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Inversion with negative adverbials
In formal English, and in written language in particular, we use negative adverbials at the beginning of the sentence to make it more emphatic or dramatic.
The word order is inverted: the negative adverbial is placed first, an auxiliary verb follows it and the subject of the sentence comes next.
The inversion of the subject and the verb can take place after a clause that begins with Not until and Only after/if/when.
Never (before), rarely, seldom;
Only a time expression:
Only when, only after...
Under,In no circumstances, In no way...
Expressions starting with Not...:
Not a noun, not only.... but also, not until...
Little with a negative meaning
Look at the following examples:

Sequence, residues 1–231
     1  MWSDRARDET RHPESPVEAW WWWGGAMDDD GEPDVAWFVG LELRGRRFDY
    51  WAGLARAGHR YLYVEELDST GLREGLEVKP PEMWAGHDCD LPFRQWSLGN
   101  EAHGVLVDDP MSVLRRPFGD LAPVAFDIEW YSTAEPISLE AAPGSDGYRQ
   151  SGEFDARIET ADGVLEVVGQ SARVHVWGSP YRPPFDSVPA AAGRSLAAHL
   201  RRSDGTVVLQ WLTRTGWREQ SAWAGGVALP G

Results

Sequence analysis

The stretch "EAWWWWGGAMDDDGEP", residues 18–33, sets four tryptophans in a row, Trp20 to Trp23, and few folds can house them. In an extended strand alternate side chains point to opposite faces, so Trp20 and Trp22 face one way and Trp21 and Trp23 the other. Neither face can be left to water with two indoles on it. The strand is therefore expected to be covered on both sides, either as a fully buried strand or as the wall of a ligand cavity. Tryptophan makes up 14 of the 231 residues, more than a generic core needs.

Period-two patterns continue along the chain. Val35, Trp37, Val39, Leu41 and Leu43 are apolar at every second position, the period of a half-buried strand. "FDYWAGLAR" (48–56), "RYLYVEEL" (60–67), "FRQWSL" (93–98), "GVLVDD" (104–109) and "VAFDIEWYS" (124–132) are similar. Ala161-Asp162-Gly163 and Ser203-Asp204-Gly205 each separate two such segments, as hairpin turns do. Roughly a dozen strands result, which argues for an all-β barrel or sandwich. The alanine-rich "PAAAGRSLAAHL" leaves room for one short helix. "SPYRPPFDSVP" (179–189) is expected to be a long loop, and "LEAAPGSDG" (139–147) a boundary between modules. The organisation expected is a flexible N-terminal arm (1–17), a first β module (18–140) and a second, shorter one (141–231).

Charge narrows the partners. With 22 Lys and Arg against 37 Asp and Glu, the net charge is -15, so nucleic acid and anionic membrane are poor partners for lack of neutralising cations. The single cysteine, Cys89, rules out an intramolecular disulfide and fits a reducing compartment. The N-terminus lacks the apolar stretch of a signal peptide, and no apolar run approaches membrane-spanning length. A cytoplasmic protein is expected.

Never have I encountered such rudeness! (extract from a letter of complaint about the service in a restaurant)
Not only is Amanda Swift a gifted musician, but she is also good-natured and responsible. (extract from a covering letter)
No sooner had he locked the door than the phone started ringing.
Only when the last person had left did she sit down and try to relax.
Under no circumstances can you inform the staff about the imminent changes.
Not a sound could be heard in the church.
Little does Michael suspect that his daughter has been failing all her subjects at school!
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